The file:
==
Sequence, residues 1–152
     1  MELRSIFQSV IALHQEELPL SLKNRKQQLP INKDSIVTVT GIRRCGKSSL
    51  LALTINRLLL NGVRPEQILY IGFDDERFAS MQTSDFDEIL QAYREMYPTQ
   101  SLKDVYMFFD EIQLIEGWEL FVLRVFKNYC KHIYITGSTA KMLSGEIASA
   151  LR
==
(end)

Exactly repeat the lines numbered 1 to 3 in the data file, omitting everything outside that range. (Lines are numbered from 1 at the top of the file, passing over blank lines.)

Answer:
Sequence, residues 1–152
     1  MELRSIFQSV IALHQEELPL SLKNRKQQLP INKDSIVTVT GIRRCGKSSL
    51  LALTINRLLL NGVRPEQILY IGFDDERFAS MQTSDFDEIL QAYREMYPTQ